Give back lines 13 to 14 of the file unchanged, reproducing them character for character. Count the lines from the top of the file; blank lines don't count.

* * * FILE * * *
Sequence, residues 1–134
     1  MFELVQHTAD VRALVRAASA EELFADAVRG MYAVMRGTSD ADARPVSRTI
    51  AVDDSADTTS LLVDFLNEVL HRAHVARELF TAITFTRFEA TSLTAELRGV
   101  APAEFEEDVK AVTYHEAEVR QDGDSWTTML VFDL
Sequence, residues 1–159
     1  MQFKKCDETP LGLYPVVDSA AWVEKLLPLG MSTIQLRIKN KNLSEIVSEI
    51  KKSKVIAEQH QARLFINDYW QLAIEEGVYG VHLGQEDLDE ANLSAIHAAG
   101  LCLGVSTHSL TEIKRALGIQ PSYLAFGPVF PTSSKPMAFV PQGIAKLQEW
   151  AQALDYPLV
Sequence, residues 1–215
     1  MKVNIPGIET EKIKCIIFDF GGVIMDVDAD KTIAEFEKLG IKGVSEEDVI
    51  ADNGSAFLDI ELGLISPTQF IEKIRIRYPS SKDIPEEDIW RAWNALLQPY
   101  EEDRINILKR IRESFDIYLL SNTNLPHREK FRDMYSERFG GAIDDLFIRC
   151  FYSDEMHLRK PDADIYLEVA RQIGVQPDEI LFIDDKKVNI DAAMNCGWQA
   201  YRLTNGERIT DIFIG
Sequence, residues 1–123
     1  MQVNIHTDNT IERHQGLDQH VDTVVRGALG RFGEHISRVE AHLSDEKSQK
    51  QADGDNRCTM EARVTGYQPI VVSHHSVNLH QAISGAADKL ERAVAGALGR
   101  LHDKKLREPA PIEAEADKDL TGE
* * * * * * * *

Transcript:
   101  EEDRINILKR IRESFDIYLL SNTNLPHREK FRDMYSERFG GAIDDLFIRC
   151  FYSDEMHLRK PDADIYLEVA RQIGVQPDEI LFIDDKKVNI DAAMNCGWQA